KeywordsCocaine Self-administration Microglia Neuroinflammation Rhesus monkey Local cerebral glucose utilization
Funding for this study was provided by the National Institute of Drug Abuse Grant nos. DA09085 and DA06634. The authors wish to thank Tonya Calhoun for her excellent technical assistance.
Compliance with ethical standards
Conflict of interest
The authors declare they have no conflicts of interest.
All applicable international, national, and institutional guidelines for the care and use of animals were followed. All procedures performed in studies involving animals were in accordance with the ethical standards of the institution at which the studies were conducted.
- Colonna M, Butovsky O (2017) Microglia function in the central nervous system during health and neurodegeneration. Annu Rev Immunol 35:441–468. https://doi.org/10.1146/annurev-immunol-051116-052358 CrossRefGoogle Scholar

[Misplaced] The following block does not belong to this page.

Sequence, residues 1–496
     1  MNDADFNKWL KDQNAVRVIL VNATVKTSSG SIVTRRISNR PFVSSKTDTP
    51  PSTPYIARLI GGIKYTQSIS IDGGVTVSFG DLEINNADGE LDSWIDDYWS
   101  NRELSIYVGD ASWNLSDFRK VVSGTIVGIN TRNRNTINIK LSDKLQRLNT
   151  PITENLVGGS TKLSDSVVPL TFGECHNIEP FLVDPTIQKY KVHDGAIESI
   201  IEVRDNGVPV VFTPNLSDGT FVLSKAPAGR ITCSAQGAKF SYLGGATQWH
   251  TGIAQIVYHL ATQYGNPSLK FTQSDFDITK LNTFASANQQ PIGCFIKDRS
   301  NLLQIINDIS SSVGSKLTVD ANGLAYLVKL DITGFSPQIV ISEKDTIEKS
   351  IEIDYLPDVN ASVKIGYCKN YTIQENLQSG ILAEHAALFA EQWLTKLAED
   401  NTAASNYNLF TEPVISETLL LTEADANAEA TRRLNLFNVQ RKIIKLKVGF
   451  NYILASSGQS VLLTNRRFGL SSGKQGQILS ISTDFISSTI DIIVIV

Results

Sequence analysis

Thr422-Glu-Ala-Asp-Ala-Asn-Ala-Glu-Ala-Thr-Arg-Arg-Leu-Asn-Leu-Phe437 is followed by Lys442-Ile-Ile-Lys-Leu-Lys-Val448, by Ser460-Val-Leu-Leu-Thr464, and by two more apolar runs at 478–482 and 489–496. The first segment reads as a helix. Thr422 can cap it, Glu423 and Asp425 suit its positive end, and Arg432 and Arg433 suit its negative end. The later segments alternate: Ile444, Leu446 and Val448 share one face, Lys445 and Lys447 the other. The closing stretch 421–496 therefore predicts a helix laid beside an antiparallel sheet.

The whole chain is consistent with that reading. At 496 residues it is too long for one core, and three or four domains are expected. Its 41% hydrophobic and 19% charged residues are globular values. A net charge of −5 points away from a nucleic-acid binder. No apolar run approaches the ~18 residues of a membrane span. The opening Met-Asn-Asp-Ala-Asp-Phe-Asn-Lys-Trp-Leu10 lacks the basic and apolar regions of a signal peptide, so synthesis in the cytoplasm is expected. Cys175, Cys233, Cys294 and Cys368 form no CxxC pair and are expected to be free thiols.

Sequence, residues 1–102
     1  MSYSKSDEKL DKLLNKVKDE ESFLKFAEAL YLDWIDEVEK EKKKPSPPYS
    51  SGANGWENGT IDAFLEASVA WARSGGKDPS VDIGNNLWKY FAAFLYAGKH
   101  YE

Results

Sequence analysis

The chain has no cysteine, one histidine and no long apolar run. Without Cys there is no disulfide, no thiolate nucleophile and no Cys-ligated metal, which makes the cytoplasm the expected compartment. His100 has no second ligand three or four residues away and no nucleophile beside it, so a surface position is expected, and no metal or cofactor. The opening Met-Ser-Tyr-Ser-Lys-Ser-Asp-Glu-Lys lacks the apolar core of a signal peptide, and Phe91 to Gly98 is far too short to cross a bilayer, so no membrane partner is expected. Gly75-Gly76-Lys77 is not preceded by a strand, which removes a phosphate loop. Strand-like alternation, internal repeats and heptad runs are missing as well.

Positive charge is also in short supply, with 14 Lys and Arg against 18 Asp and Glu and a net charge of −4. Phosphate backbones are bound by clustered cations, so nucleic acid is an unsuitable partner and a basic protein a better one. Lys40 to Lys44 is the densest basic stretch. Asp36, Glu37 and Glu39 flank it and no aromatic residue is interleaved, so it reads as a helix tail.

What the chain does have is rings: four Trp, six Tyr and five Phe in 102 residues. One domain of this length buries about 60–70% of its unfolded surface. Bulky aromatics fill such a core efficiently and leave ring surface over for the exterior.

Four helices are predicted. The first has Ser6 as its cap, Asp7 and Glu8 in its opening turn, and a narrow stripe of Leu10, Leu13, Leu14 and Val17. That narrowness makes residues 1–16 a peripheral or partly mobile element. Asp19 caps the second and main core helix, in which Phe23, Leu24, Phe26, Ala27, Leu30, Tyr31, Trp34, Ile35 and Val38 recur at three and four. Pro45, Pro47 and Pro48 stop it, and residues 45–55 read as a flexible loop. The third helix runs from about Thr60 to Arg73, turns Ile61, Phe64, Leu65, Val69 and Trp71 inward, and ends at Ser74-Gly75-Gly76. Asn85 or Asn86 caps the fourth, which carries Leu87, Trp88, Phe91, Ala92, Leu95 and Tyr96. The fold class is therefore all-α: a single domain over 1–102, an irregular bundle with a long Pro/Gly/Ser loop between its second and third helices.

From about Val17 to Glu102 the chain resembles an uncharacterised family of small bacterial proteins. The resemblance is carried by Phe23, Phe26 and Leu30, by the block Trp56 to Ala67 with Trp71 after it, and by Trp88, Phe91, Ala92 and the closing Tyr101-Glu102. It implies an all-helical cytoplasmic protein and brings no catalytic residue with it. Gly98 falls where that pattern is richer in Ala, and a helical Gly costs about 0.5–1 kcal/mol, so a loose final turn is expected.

- Glushakova OY, Johnson D, Hayes RL (2014) Delayed increases in microvascular pathology after experimental traumatic brain injury are associated with prolonged inflammation, blood-brain barrier disruption, and progressive white matter damage. J Neurotrauma 31:1180–1193. https://doi.org/10.1089/neu.2013.3080 CrossRefGoogle Scholar
- Kovalevich J, Corley G, Yen W, Rawls SM, Langford D (2012) Cocaine-induced loss of white matter proteins in the adult mouse nucleus accumbens is attenuated by administration of a beta-lactam antibiotic during cocaine withdrawal. Am J Pathol 181:1921–1927. https://doi.org/10.1016/j.ajpath.2012.08.013 CrossRefGoogle Scholar